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  • Camille: Yes, yes, La Cieca, don’t nag me, please, as I am going to at least two of these three and... 1:48 PM
  • marshiemarkII: Lurquie, you reminded me of Renata Scotto at Fiorello’s in 1994 hugging Hildegard̵... 1:48 PM
  • Camille: O fiddle-dee-dee, NPW, you got off a couple good ones and at least you got the gist of it all... 1:46 PM
  • Quanto Painy Fakor: Can’t wait to see Nemorino in his underwear atop the telephone pole! 1:42 PM
  • marshiemarkII: Mille grazie arabie!!!! wow can hardly imagine the sheer splendiferousness of the 1968... 1:40 PM
  • marshiemarkII: Manoucee, yes I am sorry to say it was really I-N-T-O-L-E-R-A-B- L-E, it probably didn’t... 1:35 PM
  • Feldmarschallin: Nothing official planned as far as I know. Schwanewilms has cancelled the whole Wien run now... 1:29 PM
  • Camille: “L’imp ortanza di esser Franco” ossia — The FRANCO CORELLI STORY. Thanks for... 1:29 PM
  • Camille: Buster, Regarding your posting of Elisabeth Grümmer in the Meistersinger clip the other day, I would... 1:19 PM
  • kashania: I guess it’s not very gracious of me to point out that DSS’s post is the most... 1:19 PM

Love it to death

Mariusz Trelinski will direct Tristan und Isolde for the Metropolitan Opera in a production that will premiere there on opening night 2016. (The image is from Trelinski’s production of Krol Roger at the Edinburgh International Festival, photo by Marek Grotowski.) [New York Times]

No such Gluck

Mozart tinkered with the Messiah. Mendelssohn adapted choral works by both Handel and Bach. But when Richard Wagner reached into the past and revised Gluck’s Iphigénie en Aulide, he went beyond the accepted boundaries of tinkering and more or less created a new work that’s fomented aesthetic debates ever since.   Read more »

Hothouse flower

To some, Anne Schwanewilms will always be the soprano in the slinky black dress who replaced Deborah Voigt at Covent Garden a decade ago and confirmed the creeping influence of film and television values on the opera world. Read more »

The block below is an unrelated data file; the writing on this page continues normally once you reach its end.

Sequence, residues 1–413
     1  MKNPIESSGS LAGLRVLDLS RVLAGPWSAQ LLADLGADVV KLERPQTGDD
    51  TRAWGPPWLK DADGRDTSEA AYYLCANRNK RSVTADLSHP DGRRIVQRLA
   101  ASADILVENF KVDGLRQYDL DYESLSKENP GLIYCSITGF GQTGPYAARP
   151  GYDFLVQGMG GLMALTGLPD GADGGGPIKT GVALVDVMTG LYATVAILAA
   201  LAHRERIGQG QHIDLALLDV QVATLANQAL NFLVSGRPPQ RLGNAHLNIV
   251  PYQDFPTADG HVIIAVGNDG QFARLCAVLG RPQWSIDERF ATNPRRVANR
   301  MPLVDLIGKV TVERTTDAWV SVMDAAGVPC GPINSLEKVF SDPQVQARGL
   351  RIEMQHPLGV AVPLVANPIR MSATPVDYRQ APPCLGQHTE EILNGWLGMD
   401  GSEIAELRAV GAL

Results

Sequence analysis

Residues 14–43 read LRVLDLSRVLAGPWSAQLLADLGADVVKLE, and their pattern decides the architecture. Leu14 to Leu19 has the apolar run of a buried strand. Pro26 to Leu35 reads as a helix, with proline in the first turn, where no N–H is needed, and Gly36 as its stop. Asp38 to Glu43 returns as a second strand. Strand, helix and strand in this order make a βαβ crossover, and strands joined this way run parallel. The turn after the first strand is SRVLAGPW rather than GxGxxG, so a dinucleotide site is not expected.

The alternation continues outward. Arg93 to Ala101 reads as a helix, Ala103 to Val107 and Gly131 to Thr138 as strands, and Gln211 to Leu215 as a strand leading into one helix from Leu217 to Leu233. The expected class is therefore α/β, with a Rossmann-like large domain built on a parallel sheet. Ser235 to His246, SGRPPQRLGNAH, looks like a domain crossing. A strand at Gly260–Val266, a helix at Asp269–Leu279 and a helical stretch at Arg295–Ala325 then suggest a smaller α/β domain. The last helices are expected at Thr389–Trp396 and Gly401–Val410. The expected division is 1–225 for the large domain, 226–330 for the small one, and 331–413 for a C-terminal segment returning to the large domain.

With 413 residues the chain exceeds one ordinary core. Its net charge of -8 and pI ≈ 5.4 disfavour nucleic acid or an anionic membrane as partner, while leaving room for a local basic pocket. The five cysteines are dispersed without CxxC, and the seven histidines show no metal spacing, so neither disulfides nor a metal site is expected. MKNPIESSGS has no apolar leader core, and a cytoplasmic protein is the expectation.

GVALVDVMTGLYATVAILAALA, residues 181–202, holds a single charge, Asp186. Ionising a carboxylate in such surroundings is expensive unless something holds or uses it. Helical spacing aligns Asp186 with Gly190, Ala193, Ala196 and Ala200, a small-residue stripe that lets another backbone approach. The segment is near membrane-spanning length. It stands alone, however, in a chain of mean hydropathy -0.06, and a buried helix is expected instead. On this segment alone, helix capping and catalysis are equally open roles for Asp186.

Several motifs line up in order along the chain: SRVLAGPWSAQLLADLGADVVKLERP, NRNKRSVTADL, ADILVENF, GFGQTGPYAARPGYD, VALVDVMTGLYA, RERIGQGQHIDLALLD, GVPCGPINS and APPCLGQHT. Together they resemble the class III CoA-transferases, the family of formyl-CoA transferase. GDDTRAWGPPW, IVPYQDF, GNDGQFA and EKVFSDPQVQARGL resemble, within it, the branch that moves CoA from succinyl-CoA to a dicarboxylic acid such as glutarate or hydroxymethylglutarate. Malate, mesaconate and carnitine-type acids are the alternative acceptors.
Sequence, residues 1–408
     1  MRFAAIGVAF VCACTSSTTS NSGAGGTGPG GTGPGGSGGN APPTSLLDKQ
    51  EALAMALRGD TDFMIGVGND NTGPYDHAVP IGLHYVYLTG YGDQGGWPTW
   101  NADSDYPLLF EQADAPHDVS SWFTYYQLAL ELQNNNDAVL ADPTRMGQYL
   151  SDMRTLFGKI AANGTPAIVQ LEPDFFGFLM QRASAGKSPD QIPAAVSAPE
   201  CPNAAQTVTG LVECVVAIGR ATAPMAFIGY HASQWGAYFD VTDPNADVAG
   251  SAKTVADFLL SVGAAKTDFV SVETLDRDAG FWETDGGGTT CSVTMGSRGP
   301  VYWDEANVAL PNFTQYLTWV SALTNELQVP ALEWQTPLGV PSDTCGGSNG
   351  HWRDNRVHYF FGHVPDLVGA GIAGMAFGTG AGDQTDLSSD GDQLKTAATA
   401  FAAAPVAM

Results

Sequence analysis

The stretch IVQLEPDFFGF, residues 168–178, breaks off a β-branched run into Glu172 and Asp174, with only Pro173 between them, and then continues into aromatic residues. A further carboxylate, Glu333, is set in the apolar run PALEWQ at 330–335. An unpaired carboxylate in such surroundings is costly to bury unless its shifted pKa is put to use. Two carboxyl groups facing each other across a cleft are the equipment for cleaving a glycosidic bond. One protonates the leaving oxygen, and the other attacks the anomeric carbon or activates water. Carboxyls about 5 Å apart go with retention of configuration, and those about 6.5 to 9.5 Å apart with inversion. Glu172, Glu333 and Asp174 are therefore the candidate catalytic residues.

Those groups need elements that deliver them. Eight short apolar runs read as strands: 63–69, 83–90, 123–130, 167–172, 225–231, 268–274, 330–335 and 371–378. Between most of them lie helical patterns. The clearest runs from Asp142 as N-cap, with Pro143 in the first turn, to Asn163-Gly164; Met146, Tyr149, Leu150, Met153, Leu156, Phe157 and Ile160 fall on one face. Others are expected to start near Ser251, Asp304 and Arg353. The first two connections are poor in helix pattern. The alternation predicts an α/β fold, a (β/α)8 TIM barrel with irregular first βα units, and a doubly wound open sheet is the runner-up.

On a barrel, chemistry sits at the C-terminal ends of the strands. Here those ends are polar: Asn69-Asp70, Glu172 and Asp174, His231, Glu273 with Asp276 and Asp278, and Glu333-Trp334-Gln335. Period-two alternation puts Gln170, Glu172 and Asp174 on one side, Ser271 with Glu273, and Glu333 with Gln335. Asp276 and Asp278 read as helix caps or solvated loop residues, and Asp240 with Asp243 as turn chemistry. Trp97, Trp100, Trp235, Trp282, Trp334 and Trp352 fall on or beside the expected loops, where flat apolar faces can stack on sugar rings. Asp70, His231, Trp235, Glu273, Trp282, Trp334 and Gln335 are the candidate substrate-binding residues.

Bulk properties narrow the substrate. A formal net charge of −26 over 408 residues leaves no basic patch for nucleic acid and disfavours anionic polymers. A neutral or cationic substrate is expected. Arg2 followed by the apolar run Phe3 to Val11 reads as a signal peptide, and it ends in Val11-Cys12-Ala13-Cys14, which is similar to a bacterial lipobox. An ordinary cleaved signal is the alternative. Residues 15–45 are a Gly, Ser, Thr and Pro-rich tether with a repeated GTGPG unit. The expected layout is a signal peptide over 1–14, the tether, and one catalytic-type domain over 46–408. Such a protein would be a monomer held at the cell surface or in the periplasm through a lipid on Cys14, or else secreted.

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Sex please: we’re British

The finer performances of Tristan und Isolde have a way of sounding like a four-hour improvisation, the fruit of a single moment of inspiration that makes one forget how emotionally manipulative and painstakingly crafted the music really is.

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The cup runneth over

I am grateful to Sony for this new release of the Metropolitan Opera’s latest production of Parsifal and I hope I’m not the only one who discovers what a rich experience this opera can be because of it.

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Brass ring

Marek Janowski’s survey of Wagner operas on PentaTone so convincingly captures the pulse and dramatic flow of many of the works that the music-making at times sounds almost effortless.

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Critical care

The experience of watching Wagner’s final opera Parsifal is frequently elevated to a spiritual occurrence, and productions have historically emphasized the religious dimension of the opera’s core themes of redemption and the dangers of temptation.

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Coupe de grâce

Our good friends at Opera Depot are currently offering a free download of Parsifal conducted by Hans Knappertsbusch at the 1963 Bayreuth Festival.

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The opposite of canard is truth

“Is Parsifal, then, a religious artwork, or is it a work ‘about’ religion?”

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The music lovers

The curious things about accepted wisdom is that sometimes it’s correct.

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